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Michael Penn
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Posted: 15 May 2024 at 2:04pm | IP Logged | 1 post reply

The positive version of the Golden Rule (do unto others, etc.) is more fraught with risk than the negative version (do not do unto others, etc.).
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Mark Haslett
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Posted: 15 May 2024 at 2:22pm | IP Logged | 2 post reply

As historian Richard Carrier points out, the Golden Rule was supposedly taught by the Jesus in the West and the Confucian scholar Mo Tzu in the East: “do to others as you would have done for yourself.” Equally ancient Rabbi Hillel, or Confucius himself, said, “do not do to others what you would not approve being done to yourself.”

These statements are logically identical.

Every positive action can be reframed as a negative being avoided. “Be generous” and “do not fail to be generous” are identical statements.

Just as offering your back to one who beats you and your cheek to one who plucks your beard is logically identical to offering your cheek to one who strikes you. The wording is the only difference.

Again and again, Christians claims for special moral invention or insight are unsupported by evidence.
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Brian Floyd
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Posted: 15 May 2024 at 4:32pm | IP Logged | 3 post reply

Religion causes more problems than it solves.
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Rebecca Jansen
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Posted: 15 May 2024 at 4:47pm | IP Logged | 4 post reply

'Moses' was famous for plagiarism, although perhaps the concept of plagiarism existed even more nebulously than direct quoting and attribution. Can't blame 'him' if he had access to the library of Alexandria, that'd be like having all the E.C. comics and all your friends only know '50s DCs.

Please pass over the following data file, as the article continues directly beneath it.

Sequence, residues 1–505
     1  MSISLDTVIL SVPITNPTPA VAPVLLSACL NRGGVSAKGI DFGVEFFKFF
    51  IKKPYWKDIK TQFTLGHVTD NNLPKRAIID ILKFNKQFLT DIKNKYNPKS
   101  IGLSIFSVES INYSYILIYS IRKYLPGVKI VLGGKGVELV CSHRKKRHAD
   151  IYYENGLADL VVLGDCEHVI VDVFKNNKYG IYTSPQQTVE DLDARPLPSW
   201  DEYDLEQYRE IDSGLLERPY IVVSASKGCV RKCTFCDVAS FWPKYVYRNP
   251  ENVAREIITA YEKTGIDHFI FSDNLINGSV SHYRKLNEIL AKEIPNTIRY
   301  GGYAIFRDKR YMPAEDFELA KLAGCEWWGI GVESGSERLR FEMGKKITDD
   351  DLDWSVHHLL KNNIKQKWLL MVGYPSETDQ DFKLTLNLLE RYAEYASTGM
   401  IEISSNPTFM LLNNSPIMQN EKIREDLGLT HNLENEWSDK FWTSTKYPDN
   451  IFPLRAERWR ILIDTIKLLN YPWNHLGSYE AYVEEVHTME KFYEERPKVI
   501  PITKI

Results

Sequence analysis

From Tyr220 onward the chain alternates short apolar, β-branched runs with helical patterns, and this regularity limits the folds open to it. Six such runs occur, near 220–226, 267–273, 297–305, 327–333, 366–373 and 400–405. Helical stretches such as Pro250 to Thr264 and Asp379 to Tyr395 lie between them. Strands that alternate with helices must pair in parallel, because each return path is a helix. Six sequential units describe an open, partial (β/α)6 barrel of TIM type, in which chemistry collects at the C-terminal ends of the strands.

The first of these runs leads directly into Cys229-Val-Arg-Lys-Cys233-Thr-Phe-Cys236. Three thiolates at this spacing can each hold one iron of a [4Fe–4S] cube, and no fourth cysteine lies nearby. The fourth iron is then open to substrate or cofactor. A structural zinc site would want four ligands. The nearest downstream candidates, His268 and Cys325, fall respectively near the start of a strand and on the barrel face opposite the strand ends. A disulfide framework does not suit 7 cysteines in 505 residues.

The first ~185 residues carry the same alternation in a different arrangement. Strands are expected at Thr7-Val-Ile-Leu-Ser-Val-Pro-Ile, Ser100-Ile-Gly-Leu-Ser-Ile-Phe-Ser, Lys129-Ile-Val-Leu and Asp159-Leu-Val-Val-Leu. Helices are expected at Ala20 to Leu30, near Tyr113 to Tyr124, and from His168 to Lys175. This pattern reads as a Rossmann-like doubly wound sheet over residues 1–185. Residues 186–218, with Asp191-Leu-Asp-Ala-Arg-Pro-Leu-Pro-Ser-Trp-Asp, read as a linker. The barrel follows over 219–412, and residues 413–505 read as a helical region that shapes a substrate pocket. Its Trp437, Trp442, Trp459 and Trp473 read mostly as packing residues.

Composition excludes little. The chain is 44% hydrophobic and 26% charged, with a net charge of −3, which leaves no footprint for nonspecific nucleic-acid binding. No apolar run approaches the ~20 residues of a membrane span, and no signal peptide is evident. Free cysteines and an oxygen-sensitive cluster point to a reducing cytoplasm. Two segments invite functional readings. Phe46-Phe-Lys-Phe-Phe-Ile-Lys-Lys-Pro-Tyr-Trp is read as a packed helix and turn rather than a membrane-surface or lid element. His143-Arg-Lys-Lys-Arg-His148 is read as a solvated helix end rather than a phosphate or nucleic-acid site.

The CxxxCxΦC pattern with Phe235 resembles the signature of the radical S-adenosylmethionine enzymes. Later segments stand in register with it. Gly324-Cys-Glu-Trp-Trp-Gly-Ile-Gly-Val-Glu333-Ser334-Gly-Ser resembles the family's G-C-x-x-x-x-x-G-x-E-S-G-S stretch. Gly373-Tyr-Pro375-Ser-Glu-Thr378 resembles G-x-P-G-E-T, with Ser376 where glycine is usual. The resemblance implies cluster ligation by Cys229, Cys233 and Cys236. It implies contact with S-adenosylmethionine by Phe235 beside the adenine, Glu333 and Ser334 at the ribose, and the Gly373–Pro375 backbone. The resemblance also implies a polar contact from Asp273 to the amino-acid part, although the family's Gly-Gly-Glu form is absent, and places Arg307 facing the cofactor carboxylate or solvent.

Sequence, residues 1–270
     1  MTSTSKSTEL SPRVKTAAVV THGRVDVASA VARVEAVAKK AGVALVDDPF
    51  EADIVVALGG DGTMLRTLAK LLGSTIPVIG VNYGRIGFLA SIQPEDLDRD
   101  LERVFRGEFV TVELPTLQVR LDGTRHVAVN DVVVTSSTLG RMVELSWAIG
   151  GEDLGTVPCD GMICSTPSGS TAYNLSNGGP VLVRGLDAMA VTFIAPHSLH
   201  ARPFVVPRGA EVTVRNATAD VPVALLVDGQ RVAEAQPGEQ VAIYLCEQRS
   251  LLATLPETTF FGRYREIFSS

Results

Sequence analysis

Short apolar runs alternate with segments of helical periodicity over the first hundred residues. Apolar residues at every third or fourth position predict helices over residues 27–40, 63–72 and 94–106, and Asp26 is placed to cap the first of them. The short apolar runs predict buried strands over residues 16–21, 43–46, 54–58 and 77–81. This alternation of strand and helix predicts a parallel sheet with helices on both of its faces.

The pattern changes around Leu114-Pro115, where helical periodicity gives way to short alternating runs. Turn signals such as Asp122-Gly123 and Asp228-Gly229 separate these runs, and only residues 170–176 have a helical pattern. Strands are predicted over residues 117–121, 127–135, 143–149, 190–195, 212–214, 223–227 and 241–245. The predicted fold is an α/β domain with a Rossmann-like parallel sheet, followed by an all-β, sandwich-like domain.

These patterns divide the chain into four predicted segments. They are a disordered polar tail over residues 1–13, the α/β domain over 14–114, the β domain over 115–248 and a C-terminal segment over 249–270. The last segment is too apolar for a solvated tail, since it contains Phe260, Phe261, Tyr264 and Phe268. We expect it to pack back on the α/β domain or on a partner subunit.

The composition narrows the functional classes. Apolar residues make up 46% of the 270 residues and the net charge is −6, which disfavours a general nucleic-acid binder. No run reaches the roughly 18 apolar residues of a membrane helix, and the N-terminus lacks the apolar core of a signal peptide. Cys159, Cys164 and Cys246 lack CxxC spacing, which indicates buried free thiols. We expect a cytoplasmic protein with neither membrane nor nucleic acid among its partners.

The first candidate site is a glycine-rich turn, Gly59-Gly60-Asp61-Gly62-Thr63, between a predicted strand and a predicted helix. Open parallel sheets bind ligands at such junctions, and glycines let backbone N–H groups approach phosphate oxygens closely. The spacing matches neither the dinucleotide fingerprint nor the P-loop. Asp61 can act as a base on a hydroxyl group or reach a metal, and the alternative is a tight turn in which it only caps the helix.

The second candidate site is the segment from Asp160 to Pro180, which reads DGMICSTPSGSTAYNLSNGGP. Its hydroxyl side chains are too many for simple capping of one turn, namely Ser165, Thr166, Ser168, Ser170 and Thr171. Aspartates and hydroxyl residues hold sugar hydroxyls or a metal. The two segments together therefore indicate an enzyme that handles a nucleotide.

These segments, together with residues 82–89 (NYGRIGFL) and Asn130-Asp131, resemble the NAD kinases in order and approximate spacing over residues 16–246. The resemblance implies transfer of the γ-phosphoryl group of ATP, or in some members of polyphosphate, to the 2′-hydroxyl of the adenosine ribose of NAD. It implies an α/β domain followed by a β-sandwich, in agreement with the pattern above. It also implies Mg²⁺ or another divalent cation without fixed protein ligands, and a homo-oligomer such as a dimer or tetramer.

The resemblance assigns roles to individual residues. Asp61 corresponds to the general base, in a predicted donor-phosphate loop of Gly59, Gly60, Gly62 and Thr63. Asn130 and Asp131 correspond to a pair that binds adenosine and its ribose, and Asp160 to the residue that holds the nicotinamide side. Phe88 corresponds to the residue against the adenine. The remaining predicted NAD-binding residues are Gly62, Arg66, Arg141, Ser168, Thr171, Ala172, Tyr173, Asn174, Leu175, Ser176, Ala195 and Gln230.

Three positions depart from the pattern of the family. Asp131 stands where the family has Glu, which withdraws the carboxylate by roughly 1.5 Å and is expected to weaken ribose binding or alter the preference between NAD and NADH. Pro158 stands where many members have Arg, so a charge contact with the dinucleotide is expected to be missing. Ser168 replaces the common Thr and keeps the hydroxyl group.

It is kind of depressing to think of how many in the U.S. genuinely seem to anticipate some rapture where they are picked like cotton and everyone else cast into a bad place to gnash and burn and suffer... I still remember the giant mural of the Lord driving an industrial combine harvester on the wall in the background of one of those born again tv programs. While in various parts of the U.S. I would check out the 'Christian' tv stations which I never saw anything like in Canada, but we have a couple now these days (although one is a fairly unexciting if sometimes equally odd Catholic channel).

I find many churches to be beautiful buildings, they are the labors one might hope of people's aspirations who often had few other outlets. Yes, choir boys were molested within some, and parishioners were fed nightmares of hellfire and damnation eternal, but isn't everything reducible that way by the double-edged sword? Then Jainism where you apologize constantly for even the microscopic life you effect negatively from mere existence (the original sin? the Gnostics thought so) might be for you. And the pile of stuff named The Holy Bible is a perfect double-edged sword with almost anything you want to find in it. Don't like gays, look on this page here, support for destroying the followers of another creed, that's over on another page. Two creation stories, all kinds of wacky stuff with talking bushes, chapters that were in which are now out, translations of translations, and that's inviolable divine 'truth'? The approach of the Qur-An is copious footnotes taking up more space than the central text, a lot like Hebrew midrashes/commentaries. I just think everyone should have access to the entire hot mess of all there is to read, but you'd have better luck rationalizing out the Marvel and DC 'universes'. Still people do try and seem to enjoy it. The Hindu gods have some great special effects tv shows, and the Chinese too. Gilgamesh got to be an Avenger alongside Thor and Hercules.